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Nanostructured delivery systems with improved leishmanicidal activity: a critical review

Authors Bruni N, Stella B, Giraudo L, Della Pepa C, Gastaldi D, Dosio F

Received 24 April 2017

Accepted for publication 12 June 2017

Published 26 July 2017 Volume 2017:12 Pages 5289—5311

DOI https://doi.org/10.2147/IJN.S140363

Checked for plagiarism Yes

Review by Single anonymous peer review

Peer reviewer comments 5

Editor who approved publication: Dr Thomas Webster


Natascia Bruni,1 Barbara Stella,2 Leonardo Giraudo,1 Carlo Della Pepa,2 Daniela Gastaldi,3 Franco Dosio2

1Candioli Pharmaceutical Institute Srl, Beinasco, Italy; 2Department of Drug Science and Technology, University of Turin, Turin, Italy; 3Department of Molecular Biotechnology and Health Sciences, University of Turin, Turin, Italy

Abstract: Leishmaniasis is a vector-borne zoonotic disease caused by protozoan parasites of the genus Leishmania, which are responsible for numerous clinical manifestations, such as cutaneous, visceral, and mucocutaneous leishmaniasis, depending on the site of infection for particular species. These complexities threaten 350 million people in 98 countries worldwide. Amastigotes living within macrophage phagolysosomes are the principal target of antileishmanial treatment, but these are not an easy target as drugs must overcome major structural barriers. Furthermore, limitations on current therapy are related to efficacy, toxicity, and cost, as well as the length of treatment, which can increase parasitic resistance. Nanotechnology has emerged as an attractive alternative as conventional drugs delivered by nanosized carriers have improved bioavailability and reduced toxicity, together with other characteristics that help to relieve the burden of this disease. The significance of using colloidal carriers loaded with active agents derives from the physiological uptake route of intravenous administered nanosystems (the phagocyte system). Nanosystems are thus able to promote a high drug concentration in intracellular mononuclear phagocyte system (MPS)-infected cells. Moreover, the versatility of nanometric drug delivery systems for the deliberate transport of a range of molecules plays a pivotal role in the design of therapeutic strategies against leishmaniasis. This review discusses studies on nanocarriers that have greatly contributed to improving the efficacy of antileishmaniasis drugs, presenting a critical review and some suggestions for improving drug delivery.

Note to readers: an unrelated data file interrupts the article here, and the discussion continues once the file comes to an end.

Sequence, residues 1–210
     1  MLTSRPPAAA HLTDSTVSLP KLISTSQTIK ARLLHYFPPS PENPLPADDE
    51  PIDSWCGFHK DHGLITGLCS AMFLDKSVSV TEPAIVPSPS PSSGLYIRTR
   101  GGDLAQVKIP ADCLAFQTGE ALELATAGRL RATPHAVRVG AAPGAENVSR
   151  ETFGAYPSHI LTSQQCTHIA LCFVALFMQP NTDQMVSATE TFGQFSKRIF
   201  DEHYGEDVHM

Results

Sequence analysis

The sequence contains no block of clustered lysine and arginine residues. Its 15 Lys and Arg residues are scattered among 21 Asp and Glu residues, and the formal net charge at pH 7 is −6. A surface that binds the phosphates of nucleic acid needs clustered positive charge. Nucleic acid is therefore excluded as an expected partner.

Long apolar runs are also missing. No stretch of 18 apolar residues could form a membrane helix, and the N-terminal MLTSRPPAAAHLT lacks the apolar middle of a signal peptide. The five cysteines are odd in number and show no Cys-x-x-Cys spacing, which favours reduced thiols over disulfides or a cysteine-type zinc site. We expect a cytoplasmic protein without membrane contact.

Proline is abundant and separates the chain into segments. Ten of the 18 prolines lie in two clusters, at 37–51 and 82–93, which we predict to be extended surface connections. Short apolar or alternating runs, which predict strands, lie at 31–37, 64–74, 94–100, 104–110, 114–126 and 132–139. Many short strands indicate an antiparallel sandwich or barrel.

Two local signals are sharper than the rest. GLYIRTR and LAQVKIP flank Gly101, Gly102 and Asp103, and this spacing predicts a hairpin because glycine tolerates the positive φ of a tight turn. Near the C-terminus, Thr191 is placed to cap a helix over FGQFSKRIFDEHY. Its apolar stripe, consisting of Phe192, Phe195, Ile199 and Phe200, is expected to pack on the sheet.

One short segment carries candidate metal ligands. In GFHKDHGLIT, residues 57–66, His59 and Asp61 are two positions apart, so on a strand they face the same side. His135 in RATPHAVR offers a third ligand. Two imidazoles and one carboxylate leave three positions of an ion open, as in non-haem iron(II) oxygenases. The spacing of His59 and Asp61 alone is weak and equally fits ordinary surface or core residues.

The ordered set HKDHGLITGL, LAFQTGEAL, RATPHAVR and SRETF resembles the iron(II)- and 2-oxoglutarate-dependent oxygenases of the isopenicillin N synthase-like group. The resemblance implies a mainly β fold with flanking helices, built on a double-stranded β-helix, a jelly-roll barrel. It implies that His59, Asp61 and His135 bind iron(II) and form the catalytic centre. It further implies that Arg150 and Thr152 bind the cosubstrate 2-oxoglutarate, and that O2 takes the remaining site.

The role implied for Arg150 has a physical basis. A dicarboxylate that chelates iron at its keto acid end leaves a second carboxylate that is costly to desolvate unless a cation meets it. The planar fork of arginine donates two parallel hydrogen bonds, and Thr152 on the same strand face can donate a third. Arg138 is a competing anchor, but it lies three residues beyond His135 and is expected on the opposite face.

Keywords: amphotericin B, drug delivery systems, drug targeting, human leishmaniasis, polymeric nanoparticle

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